Monday, February 17, 2014

Black History Month Read-a-Thon

Girl Scouts Jordan and Marvetta
read about Coretta Scott King at the
Read-a-Thon hosted by their troop.
A group of 10 Girl Scouts from Troop 329 gathered at the Dr. Clarence V. Cuffee Library in Chesapeake on February 8 to host their second annual Black History Month Read-a-Thon for children in the South Norfolk community. The girls, who are in grades 3 to 6, carefully selected their favorite Black History Month books to read to children at the library. They also set up reading response activities for the children to make character puppets out of brown paper bags, write about what they learned from the book and draw scenes from the stories they heard.

The Girl Scouts, who invited all children at the library to participate in the Read-a-Thon, also set up stations for children to decorate key chains, make snowflakes, play games and win prizes. The Girl Scouts were each responsible for setting up and running the stations.

Through this project, Girl Scout Troop 329 is addressing the issue of illiteracy that is affects people around the world. In the United States, some 30 percent of all 17 year olds are functionally illiterate. By offering children the opportunity to participate in activities that reinforce literacy skills through fun and interactive experiences, Girl Scouts are working to make an impact on this issue by making reading and writing fun activities.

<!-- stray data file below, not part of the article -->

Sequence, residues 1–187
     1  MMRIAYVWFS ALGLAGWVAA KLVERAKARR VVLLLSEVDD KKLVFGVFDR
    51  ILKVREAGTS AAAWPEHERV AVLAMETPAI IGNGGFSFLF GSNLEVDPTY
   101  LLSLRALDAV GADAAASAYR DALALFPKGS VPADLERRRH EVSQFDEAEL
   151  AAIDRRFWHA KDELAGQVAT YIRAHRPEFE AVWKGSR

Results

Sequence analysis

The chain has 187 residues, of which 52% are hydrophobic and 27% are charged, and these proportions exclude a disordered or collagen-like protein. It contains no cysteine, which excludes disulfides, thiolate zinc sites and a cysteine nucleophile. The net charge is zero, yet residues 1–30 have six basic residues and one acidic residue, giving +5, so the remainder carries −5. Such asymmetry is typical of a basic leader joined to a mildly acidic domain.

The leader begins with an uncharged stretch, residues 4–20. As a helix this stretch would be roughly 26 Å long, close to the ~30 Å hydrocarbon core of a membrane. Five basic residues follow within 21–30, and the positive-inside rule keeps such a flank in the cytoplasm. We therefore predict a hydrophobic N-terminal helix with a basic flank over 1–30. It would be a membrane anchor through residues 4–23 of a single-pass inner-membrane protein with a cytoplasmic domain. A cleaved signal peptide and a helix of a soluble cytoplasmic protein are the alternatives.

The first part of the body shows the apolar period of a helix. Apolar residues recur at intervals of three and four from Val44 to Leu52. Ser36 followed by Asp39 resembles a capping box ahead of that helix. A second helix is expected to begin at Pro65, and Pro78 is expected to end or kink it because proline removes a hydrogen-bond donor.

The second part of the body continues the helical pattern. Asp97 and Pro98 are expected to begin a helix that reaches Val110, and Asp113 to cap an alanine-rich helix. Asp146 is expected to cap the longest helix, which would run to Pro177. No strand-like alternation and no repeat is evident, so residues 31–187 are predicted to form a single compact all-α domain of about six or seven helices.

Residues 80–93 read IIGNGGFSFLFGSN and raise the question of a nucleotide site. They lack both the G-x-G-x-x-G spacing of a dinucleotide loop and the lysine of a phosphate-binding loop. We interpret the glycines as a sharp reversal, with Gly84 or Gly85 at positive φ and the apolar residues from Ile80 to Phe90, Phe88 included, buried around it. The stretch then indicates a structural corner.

Girl Scouts Catori and Anaiya work on paper bag puppets
after reading stories about famous African Americans.
Literacy has been a fundamental part of Girl Scouting's informal education program activities since its founding over 100 years ago. This is just one of the many benefits of the Girl Scout Leadership Experience. Research shows that girls with enriched literacy skills, such as those obtained in Girl Scouting, attain higher levels of education, as well as higher-paying and more satisfying jobs, and are more likely to hold leadership positions in their communities. Girls who are reading at or above age level are also less likely to engage in risky behaviors.

At Girl Scouts of the Colonial Coast, we recognize that the ability to read, write and communicate has never been more crucial. If girls and women are to thrive in this information age, they must become lifelong learners so that they will have the ability to build knowledge and skills. This fall, our Girls Who Read Lead membership campaign helped us to share the ways that Girl Scouts continues to place a high priority on giving girls the opportunity to develop good reading skills. This includes badges and awards that girls can earn from completing Girl Scout Journeys, such as It's Your Story- Tell It!

To learn more about how Girl Scouting supports academic achievement and engagement, read the Girl Scout Research Institute's study, Linking Leadership to Academic Success: The Girl Scout Difference.